Is it appropriate for a Mayor to be asking city staff whom ultimately report to him, a commission consisting of members which he has appointed or reappointed, and a council of which he is a member and which has members he has supported financially and politically, to approve variances from City Code on a project which will presumably benefit him financially? If the variances are approved for him, how can they not be for the next one asking for variances?

One size doesn’t fit all, and each situation should be decided on its own merit. Have we lost the art of common sense?

This is the second time Mayor Chirico has presented a development project which will presumably benefit him financially for approval of variances through City staff/PZC/Council, the other one being for the development at 720 N Washington. (Which was good timing, given the proposed 5th Avenue development envisioned. A possible entirely new, bustling business district two short blocks away.)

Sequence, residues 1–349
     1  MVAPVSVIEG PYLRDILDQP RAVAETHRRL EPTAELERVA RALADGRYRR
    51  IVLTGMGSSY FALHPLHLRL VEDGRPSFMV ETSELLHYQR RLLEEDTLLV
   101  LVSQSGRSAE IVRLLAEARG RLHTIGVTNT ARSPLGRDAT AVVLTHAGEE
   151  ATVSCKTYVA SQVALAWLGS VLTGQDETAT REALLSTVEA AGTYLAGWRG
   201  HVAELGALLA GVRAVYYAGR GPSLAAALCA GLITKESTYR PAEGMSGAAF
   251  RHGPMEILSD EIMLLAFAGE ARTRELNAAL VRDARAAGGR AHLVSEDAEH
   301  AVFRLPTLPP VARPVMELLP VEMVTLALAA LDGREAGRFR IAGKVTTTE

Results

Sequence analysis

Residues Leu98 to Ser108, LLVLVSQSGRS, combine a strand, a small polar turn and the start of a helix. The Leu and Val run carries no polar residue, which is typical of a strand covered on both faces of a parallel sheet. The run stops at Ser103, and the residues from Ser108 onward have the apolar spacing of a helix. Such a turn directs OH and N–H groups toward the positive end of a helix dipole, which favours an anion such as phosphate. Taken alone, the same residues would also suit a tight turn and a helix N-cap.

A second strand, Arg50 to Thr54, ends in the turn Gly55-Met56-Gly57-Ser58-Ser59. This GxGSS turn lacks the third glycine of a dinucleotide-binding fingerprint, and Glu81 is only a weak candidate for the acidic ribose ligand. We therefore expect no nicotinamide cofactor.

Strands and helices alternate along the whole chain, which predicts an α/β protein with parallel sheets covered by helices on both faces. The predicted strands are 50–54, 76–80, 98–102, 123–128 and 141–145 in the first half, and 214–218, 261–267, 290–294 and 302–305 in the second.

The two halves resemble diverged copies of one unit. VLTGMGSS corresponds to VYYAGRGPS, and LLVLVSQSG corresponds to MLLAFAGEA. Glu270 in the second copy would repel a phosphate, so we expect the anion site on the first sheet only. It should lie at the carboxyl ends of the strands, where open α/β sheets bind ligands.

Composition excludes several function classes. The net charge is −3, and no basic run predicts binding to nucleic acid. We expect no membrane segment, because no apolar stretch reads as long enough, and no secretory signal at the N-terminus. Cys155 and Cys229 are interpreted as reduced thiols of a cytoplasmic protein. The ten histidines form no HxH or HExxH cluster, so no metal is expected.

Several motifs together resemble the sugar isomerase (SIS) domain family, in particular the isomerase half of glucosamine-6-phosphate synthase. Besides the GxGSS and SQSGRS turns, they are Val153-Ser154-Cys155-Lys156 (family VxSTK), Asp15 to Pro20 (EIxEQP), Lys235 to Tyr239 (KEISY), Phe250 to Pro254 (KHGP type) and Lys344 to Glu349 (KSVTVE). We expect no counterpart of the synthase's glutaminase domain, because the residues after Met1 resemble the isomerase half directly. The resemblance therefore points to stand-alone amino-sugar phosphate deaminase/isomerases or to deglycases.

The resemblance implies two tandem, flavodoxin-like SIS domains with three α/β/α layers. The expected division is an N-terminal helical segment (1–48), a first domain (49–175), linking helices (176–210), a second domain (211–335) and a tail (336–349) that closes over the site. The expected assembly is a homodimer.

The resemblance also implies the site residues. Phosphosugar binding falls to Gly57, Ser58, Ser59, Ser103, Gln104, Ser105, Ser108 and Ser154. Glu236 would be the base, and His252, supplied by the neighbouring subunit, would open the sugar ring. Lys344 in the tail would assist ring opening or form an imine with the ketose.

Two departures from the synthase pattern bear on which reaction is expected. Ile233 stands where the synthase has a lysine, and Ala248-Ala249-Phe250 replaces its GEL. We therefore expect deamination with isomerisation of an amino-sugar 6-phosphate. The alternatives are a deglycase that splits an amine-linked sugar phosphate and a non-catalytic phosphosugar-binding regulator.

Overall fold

To imply the mayor is up to no-good, is looking at the situation through a distorted lens. Like him or not, isn’t this exactly what is happening to President Donald Trump. No matter what he does, or what Chirico does, or any other government official we don’t like does, we can spin it down the ne’er-do-well corridor, connecting dots to a preconceived conclusion of conspiracy?

But Mayor Chirico says he will recuse himself.

What is he supposed to do? Resign? Do nothing? No matter what he does, there will be those who either disagree with him, don’t like him, or deny him any credit.

So, no conflicts. Right?


Jun 022018

Watchdog’s website has a “Countdown To The 2019 Election” currently showing 303 days, 15 hours. 11 minutes, and 31 seconds, until the good folks of Naperville either rehire or fire council members (Becky Anderson, Patty Gustin, Paul Hinterlong and Rebecca Obarski) along with Mayor Steve Chirico running for office. Some council members will likely get bounced out, as they should; fresh thinking is always welcome.